The U.S. military is ramping up efforts to counter the Taliban’s growing presence on social media sites by aggressively responding to falsehoods and reporting violations of the sites’ guidelines on violent threats, experts say.
Twitter accounts or websites associated with militant groups typically take responsibility for attacks whether or not they had anything to do with them.
But most of the information they provide is either exaggerated or false, said Army Lt. Col. T.G. Taylor, a spokesman for U.S. Central Command.
The Pentagon has become quicker and more effective at issuing rebuttals through Twitter and other venues, said Christopher Paul, an information operations analyst at RAND Corp.
“Insurgents have always wanted to make themselves look like winners,” Paul said. “The Internet makes it a whole lot easier.”
Winning the information war is particularly important in insurgencies, where shaping public opinion can count as much as what happens on the battlefield.
The Taliban and other militant groups issue statements and video to create a perception of chaos in the country and to undermine the legitimacy of the Afghan government.
Despite the Taliban’s hostility to modernity, they have adapted well to social media, military officials said.
“They’re all over Twitter,” said Marine Lt. Col. Stewart Upton, a spokesman for Regional Command Southwest. “They’re incessantly tweeting.”
Internet access remains limited in Afghanistan, but increasingly people have cellphones and Taliban claims often spread from social media to satellite television and local news outlets. Militants also use a variety of languages on the Internet, including English.
The military has long struggled with how to counter enemy propaganda in Afghanistan. Insurgents post claims quickly and the military had been slow to respond, waiting to get the full story.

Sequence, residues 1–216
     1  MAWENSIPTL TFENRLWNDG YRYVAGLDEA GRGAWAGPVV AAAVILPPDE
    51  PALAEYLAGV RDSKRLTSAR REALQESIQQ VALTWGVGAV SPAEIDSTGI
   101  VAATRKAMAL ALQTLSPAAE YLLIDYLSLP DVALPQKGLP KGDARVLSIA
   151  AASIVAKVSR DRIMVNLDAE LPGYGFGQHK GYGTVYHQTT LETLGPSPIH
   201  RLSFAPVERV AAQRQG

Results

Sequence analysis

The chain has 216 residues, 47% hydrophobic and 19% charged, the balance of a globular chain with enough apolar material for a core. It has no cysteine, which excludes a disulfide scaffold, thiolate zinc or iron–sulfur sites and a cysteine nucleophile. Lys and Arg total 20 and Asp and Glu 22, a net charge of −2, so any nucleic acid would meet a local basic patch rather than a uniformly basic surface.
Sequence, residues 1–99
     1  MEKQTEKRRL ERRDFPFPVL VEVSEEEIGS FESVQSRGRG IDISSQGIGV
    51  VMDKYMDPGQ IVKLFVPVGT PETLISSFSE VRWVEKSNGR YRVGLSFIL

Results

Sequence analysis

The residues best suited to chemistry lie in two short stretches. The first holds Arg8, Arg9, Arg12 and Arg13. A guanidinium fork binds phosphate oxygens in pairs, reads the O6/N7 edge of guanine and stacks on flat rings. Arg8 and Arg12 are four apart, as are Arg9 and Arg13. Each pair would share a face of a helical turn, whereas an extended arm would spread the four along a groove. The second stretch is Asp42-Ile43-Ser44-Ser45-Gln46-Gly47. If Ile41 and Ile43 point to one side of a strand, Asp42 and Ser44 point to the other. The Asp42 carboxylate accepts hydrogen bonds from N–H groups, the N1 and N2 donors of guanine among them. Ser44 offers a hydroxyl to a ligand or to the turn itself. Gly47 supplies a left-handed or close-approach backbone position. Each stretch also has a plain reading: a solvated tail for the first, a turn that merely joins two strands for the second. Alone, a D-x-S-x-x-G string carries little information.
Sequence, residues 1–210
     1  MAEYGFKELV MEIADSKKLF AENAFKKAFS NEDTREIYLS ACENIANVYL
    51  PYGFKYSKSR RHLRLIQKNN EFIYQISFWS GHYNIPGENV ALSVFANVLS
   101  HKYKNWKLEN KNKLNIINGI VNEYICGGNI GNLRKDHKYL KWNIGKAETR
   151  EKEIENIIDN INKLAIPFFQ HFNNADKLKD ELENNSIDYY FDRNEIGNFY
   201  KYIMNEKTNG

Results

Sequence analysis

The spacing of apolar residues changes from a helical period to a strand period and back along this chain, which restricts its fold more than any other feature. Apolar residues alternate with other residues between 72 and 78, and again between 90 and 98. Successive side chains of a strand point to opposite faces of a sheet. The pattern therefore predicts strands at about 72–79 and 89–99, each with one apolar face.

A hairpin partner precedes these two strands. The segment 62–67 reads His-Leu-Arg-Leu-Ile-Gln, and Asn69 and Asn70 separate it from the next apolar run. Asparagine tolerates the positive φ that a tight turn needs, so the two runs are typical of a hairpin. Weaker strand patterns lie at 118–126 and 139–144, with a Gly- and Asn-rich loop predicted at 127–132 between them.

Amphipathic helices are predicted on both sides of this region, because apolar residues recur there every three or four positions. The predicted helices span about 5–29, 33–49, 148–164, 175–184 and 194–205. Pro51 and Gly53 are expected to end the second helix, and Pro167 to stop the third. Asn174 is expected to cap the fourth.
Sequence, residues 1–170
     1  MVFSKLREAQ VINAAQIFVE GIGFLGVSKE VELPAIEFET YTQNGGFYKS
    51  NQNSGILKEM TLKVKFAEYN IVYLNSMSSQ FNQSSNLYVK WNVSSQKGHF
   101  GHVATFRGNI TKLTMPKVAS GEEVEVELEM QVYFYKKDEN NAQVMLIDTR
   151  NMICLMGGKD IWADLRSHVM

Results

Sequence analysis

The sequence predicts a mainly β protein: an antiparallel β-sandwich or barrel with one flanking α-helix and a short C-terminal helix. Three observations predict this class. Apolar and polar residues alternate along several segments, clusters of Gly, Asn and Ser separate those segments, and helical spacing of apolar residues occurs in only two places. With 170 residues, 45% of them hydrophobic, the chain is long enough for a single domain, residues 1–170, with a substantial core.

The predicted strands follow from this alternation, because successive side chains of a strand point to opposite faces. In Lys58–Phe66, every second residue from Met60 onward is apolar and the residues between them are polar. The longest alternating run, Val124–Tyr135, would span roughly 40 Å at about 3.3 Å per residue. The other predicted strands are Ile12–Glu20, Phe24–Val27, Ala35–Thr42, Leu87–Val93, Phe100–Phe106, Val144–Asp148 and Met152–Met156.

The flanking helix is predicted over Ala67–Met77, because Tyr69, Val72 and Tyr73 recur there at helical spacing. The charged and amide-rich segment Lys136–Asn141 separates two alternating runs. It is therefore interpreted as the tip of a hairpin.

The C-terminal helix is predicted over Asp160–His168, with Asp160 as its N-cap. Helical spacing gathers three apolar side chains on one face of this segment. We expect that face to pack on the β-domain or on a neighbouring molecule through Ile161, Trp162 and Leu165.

“We’re getting better,” Paul said. “There’s a practical limit to how good we can get.”
The military says it has reported militants when they have directly promoted violence.
Twitter could suspend an account if a user violates policies. Twitter spokeswoman Rachael Horwitz said the social networking service does not discuss specific accounts, including military requests.
Over the past year, Central Command, which oversees U.S. military operations in the Middle East, has reported about 10 social media violations by militants, Taylor said. In general, however, officers say they prefer to engage the Taliban openly rather than impede their right to free speech by trying to deny them access to the Internet.
“That would make it look like we’re afraid to engage them on the moral battlefield and we’re not,” Upton said.
The more aggressive approach seems to be working. Increasingly, local media is seeking out the coalition for its side of the story and eying Taliban claims more skeptically than in the past, the military said.
This week the Taliban took to Twitter to deny responsibility for the recent beheadings of 17 Afghans. The Afghan government dismissed the statement, saying the Taliban was responsible.